How To Dual Boot Linux Mint And Windows

Linux is one of the most secure operating systems in the world. But, Linux is often installed in dual-boot systems. As opposed to emulating, this allows you to run Linux on your real hardware. The main advantage of having a dual boot system is that you can always reboot into Windows if you need to run Windows software or play PC games. Dual boot is usually used for various purposes, such as learning about the operating system, or for a job where the usage of an alternative operating system is more optimal. Dual-booting also strengthens the security of your PC. When one OS has a problem, you can use the second OS to fix the problem properly. For example, when the Windows OS is infected with a virus, the second OS, Linux can clean and backup data affected by the virus. This is because the Windows virus cannot run on Linux. 

To make a dual-boot system you need a bootable USB maker software to prepare the installation media. For this task, you can use a software like Rufus. Rufus is one of the most famous software available for this purpose. It is an open-source software and therefore doesn't cost a penny. You can download this software from the Rufus download page. There are several methods to make a dual boot system with Windows and Ubuntu. Ubuntu itself already provides dual boot options on the installation media. But, in order to avoid issues, it’s better to install both operating systems separately and unrelated.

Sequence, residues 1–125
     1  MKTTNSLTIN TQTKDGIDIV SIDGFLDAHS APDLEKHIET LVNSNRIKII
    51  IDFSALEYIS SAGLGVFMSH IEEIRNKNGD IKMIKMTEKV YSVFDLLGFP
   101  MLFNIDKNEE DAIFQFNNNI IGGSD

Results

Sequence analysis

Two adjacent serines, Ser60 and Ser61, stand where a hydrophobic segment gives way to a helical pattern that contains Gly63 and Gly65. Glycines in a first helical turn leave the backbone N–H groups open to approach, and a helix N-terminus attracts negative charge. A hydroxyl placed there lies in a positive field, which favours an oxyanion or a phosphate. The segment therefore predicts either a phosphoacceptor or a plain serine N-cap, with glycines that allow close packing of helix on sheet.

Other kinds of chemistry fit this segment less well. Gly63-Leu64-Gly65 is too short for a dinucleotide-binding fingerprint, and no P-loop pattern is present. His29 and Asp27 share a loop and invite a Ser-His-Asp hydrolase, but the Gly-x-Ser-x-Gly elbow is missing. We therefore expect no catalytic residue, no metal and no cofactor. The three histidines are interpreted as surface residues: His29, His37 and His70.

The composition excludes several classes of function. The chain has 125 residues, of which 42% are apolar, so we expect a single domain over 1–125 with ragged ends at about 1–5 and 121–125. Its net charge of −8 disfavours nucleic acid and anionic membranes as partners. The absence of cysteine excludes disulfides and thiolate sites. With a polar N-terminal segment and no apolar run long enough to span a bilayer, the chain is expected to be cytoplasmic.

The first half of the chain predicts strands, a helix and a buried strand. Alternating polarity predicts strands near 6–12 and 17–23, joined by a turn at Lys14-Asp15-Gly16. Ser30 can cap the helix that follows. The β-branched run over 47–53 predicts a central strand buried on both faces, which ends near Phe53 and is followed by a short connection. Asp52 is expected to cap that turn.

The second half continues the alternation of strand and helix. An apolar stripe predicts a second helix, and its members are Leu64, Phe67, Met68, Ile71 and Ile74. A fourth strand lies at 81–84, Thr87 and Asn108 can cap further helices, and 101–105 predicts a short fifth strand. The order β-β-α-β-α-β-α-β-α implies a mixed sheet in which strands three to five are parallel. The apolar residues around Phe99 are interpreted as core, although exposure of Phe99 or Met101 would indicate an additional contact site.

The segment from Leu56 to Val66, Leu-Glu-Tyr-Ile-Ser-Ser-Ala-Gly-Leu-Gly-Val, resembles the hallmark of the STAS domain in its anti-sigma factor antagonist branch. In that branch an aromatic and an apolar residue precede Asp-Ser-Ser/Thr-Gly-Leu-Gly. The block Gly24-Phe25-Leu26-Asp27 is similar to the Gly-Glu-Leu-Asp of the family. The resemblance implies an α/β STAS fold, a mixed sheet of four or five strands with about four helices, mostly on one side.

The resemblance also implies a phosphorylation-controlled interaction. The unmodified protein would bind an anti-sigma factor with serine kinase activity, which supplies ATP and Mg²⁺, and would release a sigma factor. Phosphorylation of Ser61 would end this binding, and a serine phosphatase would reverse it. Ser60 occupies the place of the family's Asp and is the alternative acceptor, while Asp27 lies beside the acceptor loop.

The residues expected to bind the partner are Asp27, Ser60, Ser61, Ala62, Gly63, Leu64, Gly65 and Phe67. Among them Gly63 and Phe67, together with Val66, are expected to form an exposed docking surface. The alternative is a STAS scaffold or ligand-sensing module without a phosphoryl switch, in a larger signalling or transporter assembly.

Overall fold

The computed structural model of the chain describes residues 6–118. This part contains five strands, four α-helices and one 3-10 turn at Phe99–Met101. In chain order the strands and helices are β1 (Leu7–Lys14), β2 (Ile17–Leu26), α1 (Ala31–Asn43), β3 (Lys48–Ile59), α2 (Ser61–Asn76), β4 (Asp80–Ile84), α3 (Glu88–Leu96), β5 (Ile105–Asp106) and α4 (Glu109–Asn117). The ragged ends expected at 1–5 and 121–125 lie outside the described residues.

By doing this, we separate the Linux boot manager from the Windows boot manager.  As a result of this, when we reinstall Windows, the Linux boot manager does not go away with the new Windows boot manager. By separating the two, we don't need to worry about Ubuntu when Windows has a problem, and vice versa. 

If you prefer the old way of using CDs and DVDs, just burn the ISO of Linux file to a DVD using a disk burner software and you are good to go. But for those of you who choose to use a USB flash drive, you need to make a bootable Ubuntu USB flash drive first. As I mentioned earlier, Rufus is the perfect software for this. Simply download Rufus, install it on your PC and locate the ISO file by using Rufus. Within a few minutes, you will have a bootable USB flash drive.

After creating your bootable Ubuntu USB flash drive, just plug it in your PC and boot from the USB flash drive to install your secondary operating system. If it doesn’t boot, you may have to adjust your boot order via BIOS. When installing Linux, make sure to install it on a completely different partition. When compared to other methods, this method may seem long, but in this way, you can minimize problems. Even if there is a problem in the boot-loader for some reason, then fixing it is very easy because you just need to enter the boot entry again via EasyBCD in Windows. That's the main advantage if the Windows and Ubuntu boot-loaders are separated in different partitions.